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Use (a) the Trapezoidal Rule, (b) the Midpoint Rule, and (c) Simpson's Rule to approximate the given integral with the specified value of $ n $. (Round your answers to six decimal places.)

$ \displaystyle \int_1^3 e^{\frac{1}{x}}\ dx $ , $ n = 8 $

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a. $T_{8}=3.534934$b. $M_{8}=3.515248$c. $S_{8} \approx 3.522375$

00:26

Yuou Sun

Calculus 2 / BC

Chapter 7

Techniques of Integration

Section 7

Approximate Integration

Integration Techniques

Campbell University

University of Michigan - Ann Arbor

Idaho State University

Lectures

01:53

In mathematics, integration is one of the two main operations in calculus, with its inverse, differentiation, being the other. Given a function of a real variable, an antiderivative, integral, or integrand is the function's derivative, with respect to the variable of interest. The integrals of a function are the components of its antiderivative. The definite integral of a function from a to b is the area of the region in the xy-plane that lies between the graph of the function and the x-axis, above the x-axis, or below the x-axis. The indefinite integral of a function is an antiderivative of the function, and can be used to find the original function when given the derivative. The definite integral of a function is a single-valued function on a given interval. It can be computed by evaluating the definite integral of a function at every x in the domain of the function, then adding the results together.

27:53

In mathematics, a technique is a method or formula for solving a problem. Techniques are often used in mathematics, physics, economics, and computer science.

11:21

Use (a) the Trapezoidal Ru…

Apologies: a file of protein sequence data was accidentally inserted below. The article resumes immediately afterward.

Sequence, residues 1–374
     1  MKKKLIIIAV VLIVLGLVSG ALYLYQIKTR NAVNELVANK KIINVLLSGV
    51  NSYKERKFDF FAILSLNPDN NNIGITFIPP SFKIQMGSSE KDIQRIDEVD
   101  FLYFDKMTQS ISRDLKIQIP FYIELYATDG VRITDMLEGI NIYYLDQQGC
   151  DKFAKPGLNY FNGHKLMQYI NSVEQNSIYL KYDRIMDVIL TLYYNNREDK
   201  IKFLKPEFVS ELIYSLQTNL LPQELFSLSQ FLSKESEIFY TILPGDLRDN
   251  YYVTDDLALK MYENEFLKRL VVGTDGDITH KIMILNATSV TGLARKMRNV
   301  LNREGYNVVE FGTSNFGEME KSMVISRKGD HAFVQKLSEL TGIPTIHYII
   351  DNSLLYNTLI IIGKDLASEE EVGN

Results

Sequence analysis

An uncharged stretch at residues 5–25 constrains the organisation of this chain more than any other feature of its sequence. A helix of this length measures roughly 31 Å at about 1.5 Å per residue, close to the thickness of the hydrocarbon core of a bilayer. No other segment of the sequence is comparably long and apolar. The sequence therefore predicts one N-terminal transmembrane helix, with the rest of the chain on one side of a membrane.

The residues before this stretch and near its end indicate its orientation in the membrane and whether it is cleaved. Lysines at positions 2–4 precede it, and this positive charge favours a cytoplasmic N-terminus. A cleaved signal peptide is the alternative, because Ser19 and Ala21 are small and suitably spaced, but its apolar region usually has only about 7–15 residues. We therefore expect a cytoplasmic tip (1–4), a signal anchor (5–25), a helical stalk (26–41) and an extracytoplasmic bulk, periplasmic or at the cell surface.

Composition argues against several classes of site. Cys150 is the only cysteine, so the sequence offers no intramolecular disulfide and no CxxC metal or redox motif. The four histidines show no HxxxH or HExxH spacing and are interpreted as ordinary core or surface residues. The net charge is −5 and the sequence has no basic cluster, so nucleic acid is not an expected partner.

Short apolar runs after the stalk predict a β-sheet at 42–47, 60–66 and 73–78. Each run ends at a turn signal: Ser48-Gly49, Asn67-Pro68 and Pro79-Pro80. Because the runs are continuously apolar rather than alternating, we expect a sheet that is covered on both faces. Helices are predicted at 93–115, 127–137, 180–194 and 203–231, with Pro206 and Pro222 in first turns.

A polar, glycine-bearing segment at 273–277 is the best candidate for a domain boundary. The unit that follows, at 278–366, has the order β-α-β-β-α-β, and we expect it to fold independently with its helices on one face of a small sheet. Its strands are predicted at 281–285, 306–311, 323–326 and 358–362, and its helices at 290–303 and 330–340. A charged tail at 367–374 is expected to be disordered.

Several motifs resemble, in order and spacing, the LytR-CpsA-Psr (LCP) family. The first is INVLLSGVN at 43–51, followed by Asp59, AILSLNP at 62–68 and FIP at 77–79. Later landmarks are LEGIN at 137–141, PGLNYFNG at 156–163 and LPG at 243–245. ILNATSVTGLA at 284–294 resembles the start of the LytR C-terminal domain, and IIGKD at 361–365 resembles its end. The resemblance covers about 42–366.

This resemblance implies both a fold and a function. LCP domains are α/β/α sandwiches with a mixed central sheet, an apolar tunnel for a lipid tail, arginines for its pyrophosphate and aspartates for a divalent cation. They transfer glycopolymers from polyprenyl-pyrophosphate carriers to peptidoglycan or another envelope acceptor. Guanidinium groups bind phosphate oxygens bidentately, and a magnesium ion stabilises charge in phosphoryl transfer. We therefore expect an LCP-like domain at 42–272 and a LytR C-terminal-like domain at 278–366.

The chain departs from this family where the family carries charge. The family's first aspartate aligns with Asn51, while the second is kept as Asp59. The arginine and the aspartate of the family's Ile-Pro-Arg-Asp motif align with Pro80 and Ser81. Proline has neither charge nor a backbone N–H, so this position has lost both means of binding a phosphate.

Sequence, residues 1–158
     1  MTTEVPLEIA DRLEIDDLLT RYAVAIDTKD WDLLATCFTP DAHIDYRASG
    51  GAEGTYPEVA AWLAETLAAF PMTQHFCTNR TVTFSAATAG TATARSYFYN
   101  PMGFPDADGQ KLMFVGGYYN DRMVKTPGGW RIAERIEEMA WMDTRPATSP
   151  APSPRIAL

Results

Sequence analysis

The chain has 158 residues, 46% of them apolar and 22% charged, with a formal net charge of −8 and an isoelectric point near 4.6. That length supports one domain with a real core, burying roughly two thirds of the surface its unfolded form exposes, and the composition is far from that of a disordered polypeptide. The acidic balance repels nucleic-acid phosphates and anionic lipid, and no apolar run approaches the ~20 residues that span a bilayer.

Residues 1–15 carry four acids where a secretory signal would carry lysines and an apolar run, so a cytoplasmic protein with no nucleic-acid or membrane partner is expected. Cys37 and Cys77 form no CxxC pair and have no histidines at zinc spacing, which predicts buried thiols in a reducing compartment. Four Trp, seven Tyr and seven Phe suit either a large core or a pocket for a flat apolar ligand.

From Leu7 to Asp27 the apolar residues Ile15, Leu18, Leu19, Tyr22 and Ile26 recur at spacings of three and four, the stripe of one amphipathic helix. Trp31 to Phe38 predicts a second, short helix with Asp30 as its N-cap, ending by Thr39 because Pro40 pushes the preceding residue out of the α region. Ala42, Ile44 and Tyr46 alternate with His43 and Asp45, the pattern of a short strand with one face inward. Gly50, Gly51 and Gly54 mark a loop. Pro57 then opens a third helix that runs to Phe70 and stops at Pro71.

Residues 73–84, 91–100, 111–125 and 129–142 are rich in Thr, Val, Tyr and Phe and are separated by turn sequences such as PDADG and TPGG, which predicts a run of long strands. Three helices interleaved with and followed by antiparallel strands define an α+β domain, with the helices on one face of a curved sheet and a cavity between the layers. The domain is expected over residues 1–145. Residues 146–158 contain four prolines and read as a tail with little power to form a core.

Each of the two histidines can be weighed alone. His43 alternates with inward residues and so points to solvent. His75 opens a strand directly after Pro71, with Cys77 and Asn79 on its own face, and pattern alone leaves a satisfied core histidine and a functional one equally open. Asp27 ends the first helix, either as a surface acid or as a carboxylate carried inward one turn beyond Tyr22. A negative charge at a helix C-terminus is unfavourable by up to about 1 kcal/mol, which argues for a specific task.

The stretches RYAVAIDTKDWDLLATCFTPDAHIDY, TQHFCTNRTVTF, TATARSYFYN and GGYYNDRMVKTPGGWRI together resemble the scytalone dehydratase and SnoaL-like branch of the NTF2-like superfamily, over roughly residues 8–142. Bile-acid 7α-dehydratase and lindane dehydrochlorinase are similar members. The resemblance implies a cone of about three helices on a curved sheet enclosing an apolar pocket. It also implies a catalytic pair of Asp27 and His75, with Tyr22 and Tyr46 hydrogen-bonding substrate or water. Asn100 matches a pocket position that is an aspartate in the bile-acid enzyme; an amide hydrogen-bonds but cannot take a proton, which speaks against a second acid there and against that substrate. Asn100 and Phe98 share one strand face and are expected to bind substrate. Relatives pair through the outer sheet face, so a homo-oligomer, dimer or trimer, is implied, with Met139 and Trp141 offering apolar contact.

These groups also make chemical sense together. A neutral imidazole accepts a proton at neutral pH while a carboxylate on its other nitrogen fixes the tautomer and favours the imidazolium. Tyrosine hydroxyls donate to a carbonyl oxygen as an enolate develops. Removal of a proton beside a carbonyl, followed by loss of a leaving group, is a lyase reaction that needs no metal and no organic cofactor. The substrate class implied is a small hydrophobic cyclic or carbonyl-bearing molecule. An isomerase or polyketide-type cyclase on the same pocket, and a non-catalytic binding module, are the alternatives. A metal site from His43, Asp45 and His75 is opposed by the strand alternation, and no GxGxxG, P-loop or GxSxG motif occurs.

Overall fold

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were given an integral in the value of n and were asked in each part to approximate this interval with this value of n using a particular rule. So the integral is the integral from 1 to 3 of E to the one over x. The X and N is equal to eight in part a, whereas to use the trapezoidal rule to approximate this integral with this value then and we're asked around our answer to six decimal places. So for the trapezoidal rule, first we want to find the width of the interval. Delta X, This is standpoint on the right three minus the endpoint on left, one divided by n, which is eight. This is 2/8 or 1/4 which is a decimal is 0.25 Next, let's dry table of function values. So on the left hand side of this table, we have values of X on the right side. We have values of our function. Eat to the one over X. Now for the trapezoidal rule, we want to calculate the values of F at the end points of the intervals. So we're going to start with the left most endpoint, which is one, and then we'll add Delta X 4.25 to get so we get 1.25 and we'll keep adding that. So we get 1.50 1.75 two point 00 2.25 2.5, though 2.75 and then three has a right most endpoint. And to calculate the values in the second column, all we have to do is take the value in the first column X and plug it into a formula. Eats the one over X for example, the first century. This is going to be e to the 1/1, which is E. And since we're really just going to be using decimals here, I'm going to approximate this as 2.71 8 to 8 18 so out to seven decimal places, we're going to want around six eventually. Likewise, the second entry on the right side is two point 2 to 5 540 nine and we can continue in this manner down the table. And so I complete the table and you should get these values at least out to six or seven decimal places. Finally, with our completed people, we have that for the trapezoid rule. The number of terms is equal to and plus one which in this case is nine. So we should have nine terms in our some and our approximation, which I'll call he ate, is given by the formula Delta X or step size over to times you start off with F of X zero is one plus two times f of x, one plus two times ffx too. And we continue in this manner all the way up to two times that those x seven plus ffx eight. So we have nine terms in our some. And if you plug in the values from the table into the some as well as Delta X equals 0.25 the answer is approximately three points. 534 934 to six decimal places now in part B were asked to use the midpoint rule for the midpoint rule. The procedure is similar. We still want to calculate the interval with which is the same as in part a 0.25 Now, though the midpoint rule, we want to calculate functional values at the middle of the interval. So make another table with X and left and our function eat to the one over X on the right. And now, instead of starting with X equals left most endpoint one, we're going to start with the midpoint of the first interval, which which is one point and then half of 0.25 which is 0.1 to 5. And then we add 0.25 to this successively. So we get one point 375 1.6 to 5, and so on We continue this pattern all the way up to 2.875 which is the midpoint of the interval, 2.75 three. Now, in the right column, we plug in the value of X into one of her to eat to one over X, and we approximate this answer to six decimal places or more. For example, the first entry is two point 4324255 The second entry, we plug in 1.375 This gives us 2.69 4 to 9 and we continue this process all the way down the table. And so you should obtain values that are very close to, if not the same as these on the right hand side. Finally, we use our formula for the midpoint rule storm approximation and eight we know it has en or eight terms, and M eight is going to be Delta X, our interval length times half of the first midpoint, which I'll call 60 plus f of these second midpoint, which will call X one all the way up to F of the last midpoint x seven. And if you plug in the values from the table into the some as well as Delta X equals 0.25 M eight is six decimal places approximately 3.515 248 That's our answer for part B. Finally, in part C, we're asked to use Simpson's rule, so Simpson's rule is actually pretty similar to part A. Once again, we have the steps size of 0.25 and once again we want to compute the values of the function at the end points of the intervals, starting with X equals one and ending at X equals three with step size 30.25 So we're going to use the same table of values and the number of terms once again is going to be. And plus one or nine. However the form of are some and our answer therefore, are going to be slightly different. So we still have nine terms, but are some which we'll call s eight s for Simpson's rule. This is now Delta X over three instead of over two times. And then we have f of our first term. So I first turned x zero plus four times at her x one plus two times f of x two plus four times at the Vex three and we continue this pattern up to two times ffx six plus four times ffx seven and then plus one times ffx eight Rexy course three. And if you plug values into this some and calculate the answer is approximately 26 decimal places. 3.52 to red 375 This is our answer for part C.